Appeal from the Circuit Court of Cook County. Honorable WILLIAM J. HIBBLER, Judge Presiding.
The Honorable Justice Buckley delivered the opinion of the court: Wolfson and Braden, JJ., concur.
The opinion of the court was delivered by: Buckley
JUSTICE BUCKLEY delivered the opinion of the court:
After a second jury trial, defendant, Ryan Pendleton, was found guilty of first-degree murder on January 25, 1993. Defendant was sentenced to a single term of 40 years' imprisonment in the Illinois Department of Corrections. Defendant presents two arguments on appeal: (1) he was denied a fair trial under the Illinois Constitution's due process clause because he was forced to exercise two of his peremptory challenges to excuse two jurors who should have been excused for cause by the trial court; and (2) the trial court abused its discretion by imposing defendant's 40 year sentence.
On October 15, 1991, George Fife was shot and killed in front of Lou's Lounge at 2871 East 75th Street. Defendant was arrested and charged with first-degree murder. Following a mistrial, defendant was tried by a second jury, found guilty, and sentenced to 40 years imprisonment for first-degree murder.
On January 21, 1993, jury selection began in the second trial. During the trial court's preliminary comments to the venire members concerning burdens of proof and presumptions of innocence, Carol Passowic stepped forward and stated that she was afraid she would become nervous and confused listening to witnesses testify. She also stated that she had a tendency to believe that if a case came as far as a trial that the defendant was probably guilty. The court stated that her beliefs were improper and explained:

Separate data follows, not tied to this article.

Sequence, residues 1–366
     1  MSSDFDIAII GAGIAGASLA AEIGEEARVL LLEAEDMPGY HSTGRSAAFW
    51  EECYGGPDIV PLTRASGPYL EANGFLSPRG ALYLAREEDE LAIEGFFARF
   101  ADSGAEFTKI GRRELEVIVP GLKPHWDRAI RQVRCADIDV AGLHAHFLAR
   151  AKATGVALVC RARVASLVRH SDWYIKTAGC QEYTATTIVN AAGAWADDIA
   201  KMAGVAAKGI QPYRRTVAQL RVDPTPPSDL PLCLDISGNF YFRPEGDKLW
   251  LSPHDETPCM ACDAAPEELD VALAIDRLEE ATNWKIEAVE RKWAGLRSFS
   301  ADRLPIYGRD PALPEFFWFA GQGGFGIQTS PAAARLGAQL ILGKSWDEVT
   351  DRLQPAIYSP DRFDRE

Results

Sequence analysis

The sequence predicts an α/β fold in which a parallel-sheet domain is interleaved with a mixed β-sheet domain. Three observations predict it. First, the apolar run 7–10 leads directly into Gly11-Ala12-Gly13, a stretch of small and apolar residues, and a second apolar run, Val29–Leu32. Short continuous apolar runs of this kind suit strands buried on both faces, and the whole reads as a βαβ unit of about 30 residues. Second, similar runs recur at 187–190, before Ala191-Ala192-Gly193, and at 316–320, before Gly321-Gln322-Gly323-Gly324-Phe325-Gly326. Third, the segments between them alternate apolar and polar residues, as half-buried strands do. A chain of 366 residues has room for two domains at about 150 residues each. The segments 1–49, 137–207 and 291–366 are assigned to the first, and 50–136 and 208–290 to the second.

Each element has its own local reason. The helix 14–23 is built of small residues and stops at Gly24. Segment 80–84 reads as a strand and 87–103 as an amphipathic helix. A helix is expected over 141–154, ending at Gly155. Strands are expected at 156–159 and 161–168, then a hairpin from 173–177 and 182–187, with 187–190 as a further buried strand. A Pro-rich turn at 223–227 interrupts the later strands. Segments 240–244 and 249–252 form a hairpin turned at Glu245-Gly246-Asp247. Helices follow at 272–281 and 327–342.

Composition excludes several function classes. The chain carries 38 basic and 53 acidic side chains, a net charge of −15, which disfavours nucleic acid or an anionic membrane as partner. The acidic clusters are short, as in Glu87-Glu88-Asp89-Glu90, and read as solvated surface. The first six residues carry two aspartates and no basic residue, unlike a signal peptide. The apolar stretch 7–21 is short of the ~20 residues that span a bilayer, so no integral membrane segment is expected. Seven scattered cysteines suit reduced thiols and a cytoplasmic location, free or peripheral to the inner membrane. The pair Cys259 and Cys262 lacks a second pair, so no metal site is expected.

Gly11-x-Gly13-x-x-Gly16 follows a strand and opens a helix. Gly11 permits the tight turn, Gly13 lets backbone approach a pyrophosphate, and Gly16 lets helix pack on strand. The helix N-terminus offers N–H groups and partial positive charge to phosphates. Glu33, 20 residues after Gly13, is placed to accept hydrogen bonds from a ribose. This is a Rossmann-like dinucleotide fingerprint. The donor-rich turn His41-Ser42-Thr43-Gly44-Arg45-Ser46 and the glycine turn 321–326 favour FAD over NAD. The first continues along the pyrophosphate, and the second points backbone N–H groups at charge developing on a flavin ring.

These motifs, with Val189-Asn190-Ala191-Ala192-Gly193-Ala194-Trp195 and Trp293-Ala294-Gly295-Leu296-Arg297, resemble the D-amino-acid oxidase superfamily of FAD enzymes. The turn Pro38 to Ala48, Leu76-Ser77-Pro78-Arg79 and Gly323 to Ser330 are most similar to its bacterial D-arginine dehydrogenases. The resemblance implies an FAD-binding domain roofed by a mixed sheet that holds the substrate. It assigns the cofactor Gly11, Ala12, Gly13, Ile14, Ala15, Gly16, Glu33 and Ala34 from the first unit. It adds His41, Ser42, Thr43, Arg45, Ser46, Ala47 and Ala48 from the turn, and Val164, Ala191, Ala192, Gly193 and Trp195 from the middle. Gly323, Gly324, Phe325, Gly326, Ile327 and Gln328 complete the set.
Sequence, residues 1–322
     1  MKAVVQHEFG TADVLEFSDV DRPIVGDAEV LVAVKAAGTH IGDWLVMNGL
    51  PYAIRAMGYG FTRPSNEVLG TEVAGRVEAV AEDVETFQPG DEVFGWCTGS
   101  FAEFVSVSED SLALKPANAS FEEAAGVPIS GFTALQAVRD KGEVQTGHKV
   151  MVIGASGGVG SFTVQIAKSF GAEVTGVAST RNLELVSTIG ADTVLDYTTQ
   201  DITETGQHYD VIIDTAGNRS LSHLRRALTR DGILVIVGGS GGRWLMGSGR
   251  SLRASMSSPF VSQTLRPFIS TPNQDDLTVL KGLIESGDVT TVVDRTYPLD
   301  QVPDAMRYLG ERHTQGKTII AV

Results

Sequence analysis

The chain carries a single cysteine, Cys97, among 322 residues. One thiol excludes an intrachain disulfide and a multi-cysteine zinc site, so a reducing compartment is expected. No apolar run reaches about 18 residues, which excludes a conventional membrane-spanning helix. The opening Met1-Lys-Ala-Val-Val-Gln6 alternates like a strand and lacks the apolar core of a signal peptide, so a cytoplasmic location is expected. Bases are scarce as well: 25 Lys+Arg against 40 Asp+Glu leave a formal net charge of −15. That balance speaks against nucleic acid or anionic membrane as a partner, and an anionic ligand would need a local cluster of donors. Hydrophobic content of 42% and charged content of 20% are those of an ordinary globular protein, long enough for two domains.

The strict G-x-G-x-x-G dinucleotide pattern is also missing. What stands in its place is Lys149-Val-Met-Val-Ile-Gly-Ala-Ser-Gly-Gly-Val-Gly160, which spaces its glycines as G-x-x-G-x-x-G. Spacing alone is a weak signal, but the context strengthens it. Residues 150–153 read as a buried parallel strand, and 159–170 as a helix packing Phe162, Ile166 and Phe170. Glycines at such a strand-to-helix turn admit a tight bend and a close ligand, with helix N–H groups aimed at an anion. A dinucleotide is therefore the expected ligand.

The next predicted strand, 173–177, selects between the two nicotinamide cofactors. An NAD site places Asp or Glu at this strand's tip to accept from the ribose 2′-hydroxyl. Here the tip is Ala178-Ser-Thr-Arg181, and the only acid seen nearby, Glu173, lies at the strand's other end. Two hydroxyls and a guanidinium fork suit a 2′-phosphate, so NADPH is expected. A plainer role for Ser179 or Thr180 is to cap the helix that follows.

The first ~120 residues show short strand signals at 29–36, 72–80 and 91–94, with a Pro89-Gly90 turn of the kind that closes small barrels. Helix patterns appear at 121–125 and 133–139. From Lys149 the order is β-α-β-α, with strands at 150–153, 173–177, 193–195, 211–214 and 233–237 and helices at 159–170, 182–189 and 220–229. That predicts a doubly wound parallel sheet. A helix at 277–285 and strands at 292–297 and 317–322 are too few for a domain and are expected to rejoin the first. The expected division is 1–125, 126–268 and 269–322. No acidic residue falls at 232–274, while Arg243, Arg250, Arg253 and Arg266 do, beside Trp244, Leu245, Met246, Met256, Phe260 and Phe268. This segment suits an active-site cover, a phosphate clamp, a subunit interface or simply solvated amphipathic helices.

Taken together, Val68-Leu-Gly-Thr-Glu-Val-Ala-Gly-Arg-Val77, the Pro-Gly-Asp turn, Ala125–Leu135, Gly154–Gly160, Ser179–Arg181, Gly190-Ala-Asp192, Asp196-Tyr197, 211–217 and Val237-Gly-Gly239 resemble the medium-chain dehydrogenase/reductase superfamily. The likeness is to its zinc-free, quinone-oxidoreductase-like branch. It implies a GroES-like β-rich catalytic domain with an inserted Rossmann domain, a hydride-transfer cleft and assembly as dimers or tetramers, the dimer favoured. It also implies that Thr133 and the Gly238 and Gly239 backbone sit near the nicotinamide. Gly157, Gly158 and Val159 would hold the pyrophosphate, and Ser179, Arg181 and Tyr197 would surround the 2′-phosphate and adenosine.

"COURT: *** Under our law as Mr. Pendleton is here he is no different than you or I. Right now he is presumed to be innocent of this charge.
Someone has made an accusation is it your feeling now because an accusation has been made you can't listen to the evidence and decide whether or not that accusation is truthful or not?
PROSPECTIVE JUROR PASSOWIC: Yes.
COURT: You don't think you can do that?
PROSPECTIVE JUROR PASSOWIC: No.
COURT: Based merely upon the fact that he has been accused?
PROSPECTIVE JUROR PASSOWIC: And all of the work that goes into getting to this point.
COURT: Okay. Thank you, when you reach the jury box we'll talk about it."
The trial judge began individual questioning of the first 14 venire members. The third prospective juror, Lorene Reed expressed her distaste for guns and those who use them. She initially stated that she would not be able to consider a gun as just another fact in the case. She explained that her feelings stemmed from a past experience of having one held against her head. Upon further questioning, she stated that she would not find defendant guilty solely because a gun was used in the alleged crime if there was no evidence that defendant used a gun. The court responded:
"COURT: Well, that's all I'm asking you. You're saying you don't like guns and therefore it's going to influence you. Certainly it would influence you if the evidence was that person, Number A, took a gun and shot you in the head or shot somebody in the head then you may be influenced by that. But if the evidence is that a person is on the ground, he is shot and he is dead there has got to be other facts to convince you that Mr. Pendleton is guilty or not guilty of anything.
So, all I'm asking is that you not allow your feelings about guns to overbear your judgment and your assessment of ...